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Comment Audio
Here is a simple example; listen to a single note that that is first executed on the open second string and then fingered on the third string with a much shorter length. Note that the open string has a much more metallic and shrill timbre.

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Violin: A3 on a free second string, then fingered on a third string

Wave form Spectrogram
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Comment Audio
Here is another example of the same type but with two different fingerings (i.e. without using open strings): the D4 is executed firstly on the second string and has a much lighter timbre than the second, which is executed on a lower string of the instrument. However, as the spectrogram confirms, both have the same fundamental frequency and the same harmonics, albeit distributed with different amplitudes.

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Violin: D4 on a second and fourth string

The mute

The mute of the violin is a device mounted on top of the bridge. Its function is to add mass to the bridge, which greatly increases inertia and, therefore, partially impairing its function as a vibration transmitter. Briefly, the mute damps the intensity of the sound produced by the instrument, however, it also drastically modifies the timbre making it more "intimate". In the sample, the same note is played more or less with the same strength and with various types of mutes with increasing masses.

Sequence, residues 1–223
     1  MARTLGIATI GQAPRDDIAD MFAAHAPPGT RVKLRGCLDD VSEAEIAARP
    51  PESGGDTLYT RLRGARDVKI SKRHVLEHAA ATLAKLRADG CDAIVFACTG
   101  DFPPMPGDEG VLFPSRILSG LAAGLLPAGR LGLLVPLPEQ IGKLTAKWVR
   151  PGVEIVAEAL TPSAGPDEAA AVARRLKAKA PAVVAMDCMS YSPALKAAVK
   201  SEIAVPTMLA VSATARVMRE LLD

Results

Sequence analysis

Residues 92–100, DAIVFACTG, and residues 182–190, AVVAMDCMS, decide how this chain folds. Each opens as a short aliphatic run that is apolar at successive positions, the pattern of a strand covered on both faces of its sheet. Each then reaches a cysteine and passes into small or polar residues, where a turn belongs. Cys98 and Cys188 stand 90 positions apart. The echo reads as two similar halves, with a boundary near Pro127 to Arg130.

Various mutes Spectrogram Audio
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Violin: mutes

Wave shapes
Mute 1 Mute 2 Mute 3
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  • At low frequencies (200-500 Hz), sound is radiated from the violin in a direction perpendicular to the belly and back. The somewhat figure-eight shape of the radiation diagram resembles that of a dipole, which suggests that the belly and back oscillate in phase at low frequencies. This is due to the fact that the sound post couples the belly and back very efficiently at low frequencies.
  • At medium frequencies (500-2000 Hz), the radiation diagram shows various lobes, which indicate that the belly and back are oscillating with a reciprocal phase delay and that various points on the surface of the top and bottom no longer oscillate in phase.
  • At high frequencies (above 2000 Hz), most of the radiation comes from the belly indicating that the sound post is no longer an efficient coupling with the back.

Musical particularities

The violin is perhaps the one instrument of them all that offers a wide range of articulations, timbre nuances and dynamic range covering a wide range of notes. It is not by chance that it is the "prince" of the symphonic orchestra, the one indispensable element of any chamber or folk ensembles and the preferred instrument (along with the piano) for which solo pieces are composed.

To exemplify this, we will analyse the Chaconne in D minor for Solo Violin by J. S. Bach, which in fact is a path of "exploration of the instrument" and exaltation of all its potentiality.